Sir Walter Barttelot, 3rd Baronet
|Sir Walter Barttelot, 3rd Baronet|
22 March 1880|
|Died||23 October 1918(aged 38)|
Sir Walter Balfour Barttelot, 3rd Baronet, DSO (22 March 1880 – 23 October 1918) was of the Barttelot Baronetcy and grandson of Sir Walter Barttelot, 1st Baronet. The Barttelots are said to have come into England with William the Conqueror, and to have fixed their residence at a place called "At Ford", in the parish of Stopham Sussex.
Early life and military career
He then attended the Royal Military College, Sandhurst and was commissioned as a second lieutenant in the 2nd Battalion, Dorsetshire Regiment on 6 December 1899. The regiment was stationed in South Africa, so he was involved throughout the Second Boer War, part of the time he was an Aide de Camp to General Talbot Coke, and he also served as a staff officer to Colonel Williams, who commanded a Mounted Infantry Column. He succeeded to the title of 3rd Baronet Barttelot, on 23 July 1900, after his father, Sir Walter George Barttelot, 2nd Baronet, was killed in action during the Boer War. He transferred to the 1st Battalion, Coldstream Guards on 12 February 1901, returning to the United Kingdom with them in October 1902. The 3rd baronet received the Queen's South Africa Medal with six clasps and the King's South Africa Medal with two. He married Gladys St. Aubyn Angove, daughter of William Collier Angove, on 17 November 1903.
He was promoted to lieutenant on 9 November 1903, and to captain on 18 May 1910. He served in Egypt from 1906 to 1908, and from 27 June 1911 he was Aide de camp, and from 12 August 1913 to 14 October 1914, Military Secretary to Lord Denman the Governor-General of Australia.
First World War
With the outbreak of the First World War, Barttelot initially served in France with the 4th (Reserve) Battalion Coldstream Guards, from 12 August 1914, where he was wounded at the Battle of the Aisne and also awarded the French Croix de guerre. He was then appointed a General Staff Officer, Grade III on 11 February 1915 and was concerned with coastal defence around Portland, and served in the ill-fated Gallipoli Campaign from July 1915, where he was promoted major on 1 September 1915. He was appointed a Brigade Major on 11 January 1916, for the Mesopotamian campaign. He was appointed to the Distinguished Service Order (DSO) on 22 December 1916, and appointed GSO, Grade II from 11 September 1917. and was Military Attaché to Tehran from 17 March 1918 with temporary promotion to lieutenant-colonel whilst performing those duties. He was awarded a brevet promotion to lieutenant-colonel for his service in Mesopotamia on 3 June 1918, and was killed, (aged 38) on 23 October 1918 in Tehran, Persia and was buried in the Tehran War Cemetery. In addition to his DSO, he had also been Mentioned in Despatches four times.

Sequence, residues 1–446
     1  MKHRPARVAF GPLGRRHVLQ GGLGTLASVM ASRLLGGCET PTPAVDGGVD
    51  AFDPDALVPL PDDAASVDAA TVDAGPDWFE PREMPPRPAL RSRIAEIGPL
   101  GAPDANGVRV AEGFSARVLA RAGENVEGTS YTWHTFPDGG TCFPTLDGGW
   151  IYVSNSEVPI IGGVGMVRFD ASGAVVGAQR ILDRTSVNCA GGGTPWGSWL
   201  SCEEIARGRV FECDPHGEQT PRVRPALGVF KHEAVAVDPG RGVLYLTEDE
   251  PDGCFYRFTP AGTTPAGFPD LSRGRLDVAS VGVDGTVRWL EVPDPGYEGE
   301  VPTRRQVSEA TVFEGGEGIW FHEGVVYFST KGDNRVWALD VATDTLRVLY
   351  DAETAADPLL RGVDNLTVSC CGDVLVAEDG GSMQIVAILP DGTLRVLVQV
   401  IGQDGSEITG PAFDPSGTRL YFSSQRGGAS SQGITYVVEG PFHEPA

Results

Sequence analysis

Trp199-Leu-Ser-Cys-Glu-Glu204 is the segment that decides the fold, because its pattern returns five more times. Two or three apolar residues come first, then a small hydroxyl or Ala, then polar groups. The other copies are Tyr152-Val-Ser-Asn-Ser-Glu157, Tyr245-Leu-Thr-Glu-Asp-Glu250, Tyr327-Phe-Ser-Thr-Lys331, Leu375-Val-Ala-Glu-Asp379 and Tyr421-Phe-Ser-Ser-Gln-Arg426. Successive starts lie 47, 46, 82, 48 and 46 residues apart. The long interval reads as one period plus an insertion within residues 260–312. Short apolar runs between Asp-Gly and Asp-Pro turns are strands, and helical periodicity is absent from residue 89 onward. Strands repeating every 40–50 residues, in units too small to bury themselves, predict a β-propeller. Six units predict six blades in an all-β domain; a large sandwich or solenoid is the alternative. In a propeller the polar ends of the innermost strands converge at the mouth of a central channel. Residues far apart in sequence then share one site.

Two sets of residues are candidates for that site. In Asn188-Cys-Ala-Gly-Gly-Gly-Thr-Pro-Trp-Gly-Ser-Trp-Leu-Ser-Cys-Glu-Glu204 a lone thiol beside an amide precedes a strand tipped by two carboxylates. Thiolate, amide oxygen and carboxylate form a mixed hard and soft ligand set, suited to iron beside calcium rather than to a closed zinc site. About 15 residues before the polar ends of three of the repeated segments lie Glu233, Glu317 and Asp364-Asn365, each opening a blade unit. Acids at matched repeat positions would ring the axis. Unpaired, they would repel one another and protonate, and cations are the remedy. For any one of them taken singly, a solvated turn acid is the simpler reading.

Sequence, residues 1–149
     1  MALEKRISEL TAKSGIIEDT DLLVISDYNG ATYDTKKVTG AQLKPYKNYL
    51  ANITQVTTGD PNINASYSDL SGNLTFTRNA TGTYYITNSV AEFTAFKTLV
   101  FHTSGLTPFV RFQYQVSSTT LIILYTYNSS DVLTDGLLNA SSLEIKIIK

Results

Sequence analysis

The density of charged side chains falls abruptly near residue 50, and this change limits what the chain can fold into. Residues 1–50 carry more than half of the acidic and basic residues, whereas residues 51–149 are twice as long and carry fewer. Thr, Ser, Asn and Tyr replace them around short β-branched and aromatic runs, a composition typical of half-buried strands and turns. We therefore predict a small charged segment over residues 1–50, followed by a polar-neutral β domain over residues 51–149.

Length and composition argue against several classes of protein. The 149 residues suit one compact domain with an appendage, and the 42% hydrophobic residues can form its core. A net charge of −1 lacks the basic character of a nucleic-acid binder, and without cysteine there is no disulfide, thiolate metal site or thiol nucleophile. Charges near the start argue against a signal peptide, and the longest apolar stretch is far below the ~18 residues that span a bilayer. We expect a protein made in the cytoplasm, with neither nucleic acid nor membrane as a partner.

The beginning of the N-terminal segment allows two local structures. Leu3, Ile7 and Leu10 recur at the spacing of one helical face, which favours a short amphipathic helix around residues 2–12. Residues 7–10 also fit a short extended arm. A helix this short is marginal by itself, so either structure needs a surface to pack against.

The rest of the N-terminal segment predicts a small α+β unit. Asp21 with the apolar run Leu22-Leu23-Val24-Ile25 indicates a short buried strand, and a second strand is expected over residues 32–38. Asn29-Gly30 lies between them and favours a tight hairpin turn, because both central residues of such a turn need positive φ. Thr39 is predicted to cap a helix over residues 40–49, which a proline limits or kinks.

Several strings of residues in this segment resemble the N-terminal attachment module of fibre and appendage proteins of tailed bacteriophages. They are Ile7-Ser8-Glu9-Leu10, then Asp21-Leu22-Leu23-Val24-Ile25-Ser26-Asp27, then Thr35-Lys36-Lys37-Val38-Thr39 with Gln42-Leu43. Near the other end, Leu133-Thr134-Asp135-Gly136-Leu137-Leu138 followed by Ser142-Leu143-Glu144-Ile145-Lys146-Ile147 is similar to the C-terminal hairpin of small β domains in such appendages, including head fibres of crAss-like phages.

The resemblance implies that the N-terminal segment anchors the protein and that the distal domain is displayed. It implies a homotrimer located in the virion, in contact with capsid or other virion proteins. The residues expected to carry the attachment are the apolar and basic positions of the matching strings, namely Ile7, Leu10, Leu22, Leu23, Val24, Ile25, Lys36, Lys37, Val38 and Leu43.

He had come to know Gertrude Bell during his time in Tehran, and in a letter to her mother on 25 October 1918, she wrote:
A terrible tragedy has happened at Tehran [(Teheran)]. I think I must have written to you about the Military Attach‚, Sir Walter Barttelot, with whom I used to ride at Gulhak before breakfast. He was also our host on the night expedition into the hills which I described to you. He has been murdered in his bed by a jealous husband - I know no details but I profoundly believe that there was nothing in the whole business but wicked Tehran gossip. The wife in question, Mrs Maclaren, left Tehran a month ago and passed through here on her way to England. I didn't see her in Baghdad, partly because I was having influenza at the time and other partly because, though I had seen very little of her at Gulhak, I thought her Class B lady and had no special wish to renew the acquaintance. Also she had quarrelled with the Marlings, the wrong quite on her side, as far as I could see, and I didn't want to be mixed up in any dissensions. It's a truly shocking business. Sir Walter had a wife in England and a boy at Eton, about both of whom he used to talk to me continuously. He was a nice, pleasant, not particularly brilliant British landowner; we made rather friends, just because he was the sort of man I knew at home - at least that was my feeling about him. He was not well suited in his Tehran job and was longing to get away. I told the C.G.S. this when I came back, a successor was found for him, and he would have probably have been back in England before the end of the year. Oh dear, I'm so sorry for his wife and boy. Maclaren I thought a dreadful man - class W, if not Z. He is a consul.
Barttelot was survived by his wife and two sons. The eldest son, Sir Walter de Stopham Barttelot, 4th Baronet, was killed in action as a brigadier on 16 August 1944, in Normandy during Operation Overlord during the Second World War. Barttelot was commemorated with memorial services in Stopham Parish Church on 9 November 1918, and at Holy Trinity Brompton on 11 November. His widow remarried, to Commander N. W. Diggle CMG, Naval Attaché in Rome, on 30 April 1920.
Barttelot's brother, Lieutenant-Commander Nigel Kenneth Walter Barttelot had been killed in the early days of World War I, whilst commanding the destroyer HMS Liberty during the Battle of Heligoland Bight.
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- Hidden Horsham — Sussex Police Headquarters (2008). Retrieved on 18 October 2008.
|Baronetage of the United Kingdom|
Sir Walter George Barttelot
Sir Walter de Stopham Barttelot